UNITED NATIONS (REUTERS) - US President Donald Trump said on Wednesday (Sept 26) he wanted a two-state solution to resolve the Israeli-Palestinian conflict, the clearest expression yet of his administration's support for such an outcome.
The Trump administration has in the past said it would support a two-state solution if both sides agreed to it.
Mr Trump, in a meeting with Israeli Prime Minister Benjamin Netanyahu at the United Nations General Assembly, also said he wanted to unveil a peace plan in the next two to three months.
"I like a two-state solution. That's what I think works best... That's my feeling," said Mr Trump.
Mr Netanyahu has said any future Palestinian state must be demilitarised and must recognise Israel as the state of the Jewish people - conditions that Palestinians say show he is not sincere about peacemaking.
The United States' Arab allies are strong proponents of a two-state solution.
At a news conference in New York later on Wednesday, Mr Trump said he would be open to a one-state solution if that was the preference of the parties themselves, a position he has previously stated.
"If the Israelis and the Palestinians want one state, that's OK with me. If they want two states, that's OK with me," he said. "I'm happy if they're happy."
Doubts have mounted over whether Mr Trump's administration can secure what he has called the "ultimate deal" since December, when the US President recognised Jerusalem as Israel's capital and then moved the US Embassy there.
Mr Trump said "it is a dream of mine" to secure an agreement before the end of his term in office, which ends in early 2021.
"I don't want to do it in my second term. We'll do other things in my second term," he said. "I think a lot of progress has been made."
Mr Netanyahu said after meeting Mr Trump he was "not surprised" at the US President's preference for a two-state solution for peace with the Palestinians, Israeli media reports said.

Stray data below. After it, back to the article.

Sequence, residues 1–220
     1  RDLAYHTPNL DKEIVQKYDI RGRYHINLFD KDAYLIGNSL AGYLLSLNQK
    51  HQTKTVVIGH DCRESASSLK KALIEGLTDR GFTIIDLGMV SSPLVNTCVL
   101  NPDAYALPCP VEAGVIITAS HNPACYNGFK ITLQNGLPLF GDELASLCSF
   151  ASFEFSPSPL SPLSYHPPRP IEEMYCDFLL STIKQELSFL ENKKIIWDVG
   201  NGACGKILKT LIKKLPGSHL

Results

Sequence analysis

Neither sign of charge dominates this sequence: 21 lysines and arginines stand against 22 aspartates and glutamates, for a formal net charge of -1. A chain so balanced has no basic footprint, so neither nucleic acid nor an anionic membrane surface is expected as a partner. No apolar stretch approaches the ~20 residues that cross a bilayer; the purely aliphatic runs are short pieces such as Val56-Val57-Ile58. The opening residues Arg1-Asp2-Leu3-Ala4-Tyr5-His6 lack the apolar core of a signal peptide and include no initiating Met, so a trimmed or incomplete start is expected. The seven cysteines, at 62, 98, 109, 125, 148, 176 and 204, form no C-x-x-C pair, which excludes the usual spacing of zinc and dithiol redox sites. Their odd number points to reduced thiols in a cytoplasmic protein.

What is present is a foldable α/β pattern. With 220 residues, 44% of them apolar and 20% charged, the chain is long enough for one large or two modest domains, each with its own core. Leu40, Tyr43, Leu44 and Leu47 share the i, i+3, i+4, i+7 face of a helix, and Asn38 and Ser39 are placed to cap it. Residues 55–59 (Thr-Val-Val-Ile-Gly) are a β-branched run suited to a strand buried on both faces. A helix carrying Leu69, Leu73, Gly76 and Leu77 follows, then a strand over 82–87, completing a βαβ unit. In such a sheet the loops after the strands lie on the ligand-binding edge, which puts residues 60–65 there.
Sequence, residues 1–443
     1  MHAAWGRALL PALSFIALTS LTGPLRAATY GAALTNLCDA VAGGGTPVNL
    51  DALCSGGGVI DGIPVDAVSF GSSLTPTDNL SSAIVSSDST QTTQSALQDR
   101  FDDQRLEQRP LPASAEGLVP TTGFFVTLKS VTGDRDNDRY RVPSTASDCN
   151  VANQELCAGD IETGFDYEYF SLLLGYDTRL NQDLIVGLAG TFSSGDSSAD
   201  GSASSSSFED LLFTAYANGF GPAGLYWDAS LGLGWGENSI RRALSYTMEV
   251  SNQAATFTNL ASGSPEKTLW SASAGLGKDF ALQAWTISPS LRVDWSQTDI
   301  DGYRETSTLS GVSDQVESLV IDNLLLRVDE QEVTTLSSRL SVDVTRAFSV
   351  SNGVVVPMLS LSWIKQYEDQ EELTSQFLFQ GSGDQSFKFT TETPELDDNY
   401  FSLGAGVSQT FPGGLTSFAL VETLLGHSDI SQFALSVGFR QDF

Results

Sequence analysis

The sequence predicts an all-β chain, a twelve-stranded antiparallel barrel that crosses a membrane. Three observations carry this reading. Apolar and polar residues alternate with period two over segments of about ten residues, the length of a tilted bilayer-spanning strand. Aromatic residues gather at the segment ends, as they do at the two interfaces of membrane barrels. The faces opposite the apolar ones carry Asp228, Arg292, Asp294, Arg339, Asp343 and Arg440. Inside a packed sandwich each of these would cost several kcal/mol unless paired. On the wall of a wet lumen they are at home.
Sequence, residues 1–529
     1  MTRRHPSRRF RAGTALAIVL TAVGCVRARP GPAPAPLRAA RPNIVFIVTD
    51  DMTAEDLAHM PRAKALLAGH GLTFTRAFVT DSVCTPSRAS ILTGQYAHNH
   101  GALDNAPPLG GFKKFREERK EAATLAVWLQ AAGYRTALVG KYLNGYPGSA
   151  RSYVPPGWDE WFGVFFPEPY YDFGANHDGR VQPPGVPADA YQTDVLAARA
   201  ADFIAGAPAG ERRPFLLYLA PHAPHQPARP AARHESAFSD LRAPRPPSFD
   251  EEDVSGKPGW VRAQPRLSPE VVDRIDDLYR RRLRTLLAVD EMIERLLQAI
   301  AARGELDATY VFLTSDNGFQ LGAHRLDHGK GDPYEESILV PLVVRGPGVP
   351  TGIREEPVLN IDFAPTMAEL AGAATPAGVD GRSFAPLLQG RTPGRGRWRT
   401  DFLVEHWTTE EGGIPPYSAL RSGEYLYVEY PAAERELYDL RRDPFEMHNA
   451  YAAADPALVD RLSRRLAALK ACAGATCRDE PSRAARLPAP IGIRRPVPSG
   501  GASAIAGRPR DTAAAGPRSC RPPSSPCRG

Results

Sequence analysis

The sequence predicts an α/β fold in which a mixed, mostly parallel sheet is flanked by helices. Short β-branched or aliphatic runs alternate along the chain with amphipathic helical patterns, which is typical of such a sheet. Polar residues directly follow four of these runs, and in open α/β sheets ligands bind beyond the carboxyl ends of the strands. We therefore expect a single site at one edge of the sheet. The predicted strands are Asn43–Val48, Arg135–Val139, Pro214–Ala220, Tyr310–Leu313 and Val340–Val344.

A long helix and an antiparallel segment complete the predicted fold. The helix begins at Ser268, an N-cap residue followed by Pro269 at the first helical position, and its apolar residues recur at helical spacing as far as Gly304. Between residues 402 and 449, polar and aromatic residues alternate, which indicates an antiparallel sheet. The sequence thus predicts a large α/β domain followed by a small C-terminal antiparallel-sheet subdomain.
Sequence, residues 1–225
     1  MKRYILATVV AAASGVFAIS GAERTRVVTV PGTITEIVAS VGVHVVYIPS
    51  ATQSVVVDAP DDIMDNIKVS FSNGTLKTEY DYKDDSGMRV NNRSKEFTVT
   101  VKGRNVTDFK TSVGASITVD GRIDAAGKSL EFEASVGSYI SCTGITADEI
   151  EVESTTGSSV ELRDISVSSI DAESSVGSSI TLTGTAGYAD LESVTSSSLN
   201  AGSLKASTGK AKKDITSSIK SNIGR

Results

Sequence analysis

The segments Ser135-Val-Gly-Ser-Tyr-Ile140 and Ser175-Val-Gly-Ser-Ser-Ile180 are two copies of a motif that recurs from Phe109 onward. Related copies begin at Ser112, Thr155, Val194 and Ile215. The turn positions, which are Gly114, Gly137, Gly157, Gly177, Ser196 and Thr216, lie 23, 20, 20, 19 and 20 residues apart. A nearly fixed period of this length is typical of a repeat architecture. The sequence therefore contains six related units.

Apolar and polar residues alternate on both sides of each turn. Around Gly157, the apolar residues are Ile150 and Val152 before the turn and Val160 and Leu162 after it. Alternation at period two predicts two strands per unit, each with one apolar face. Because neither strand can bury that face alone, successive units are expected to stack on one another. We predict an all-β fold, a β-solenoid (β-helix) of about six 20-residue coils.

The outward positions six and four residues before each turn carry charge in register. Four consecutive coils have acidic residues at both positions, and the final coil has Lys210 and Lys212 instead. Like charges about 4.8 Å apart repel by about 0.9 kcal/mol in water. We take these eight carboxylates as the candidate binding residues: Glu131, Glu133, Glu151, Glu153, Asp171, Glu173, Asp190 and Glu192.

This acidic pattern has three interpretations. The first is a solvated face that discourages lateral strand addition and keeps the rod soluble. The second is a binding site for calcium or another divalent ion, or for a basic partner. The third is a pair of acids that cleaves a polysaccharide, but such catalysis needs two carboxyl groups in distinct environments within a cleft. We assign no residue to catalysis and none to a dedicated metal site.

Jerusalem is one of the major issues in the Israeli-Palestinian conflict. Both sides claim it as a capital.
Mr Trump's move outraged the Palestinians, who have since boycotted Washington's peace efforts, led by Mr Trump's son-in-law and adviser, Mr Jared Kushner.
The Palestinians want to establish a state in the West Bank and the Gaza Strip and East Jerusalem.
Israel captured those territories in the 1967 Middle East war and annexed East Jerusalem in a move not recognised internationally. It regards all of the city as its eternal and indivisible capital.
Mr Nabil Abu Rdainah, a spokesman for Palestinian President Mahmoud Abbas, said: "The two-state solution means to us that we have a Palestinian state on the 1967 borders, with East Jerusalem as its capital. This is the only way to achieve peace."
Mr Rdainah said the Palestinians wanted to resolve all the core issues of the Israeli-Palestinian conflict - which include borders, settlements, refugees, security and the status of Jerusalem - "according to United Nations resolutions."
Mr Rdainah, speaking in Ramallah, in the occupied West Bank, refused to be drawn further, saying Mr Abbas would make the Palestinian position clear in his speech to the General Assembly on Thursday.
Asked what Israel might have to give up in return for the embassy's move to Jerusalem, Mr Trump replied: "I took probably the biggest chip off the table. And so obviously we have to make a fair deal, we have to do something. Deals have to be good for both parties... Israel got the first chip and it's a big one."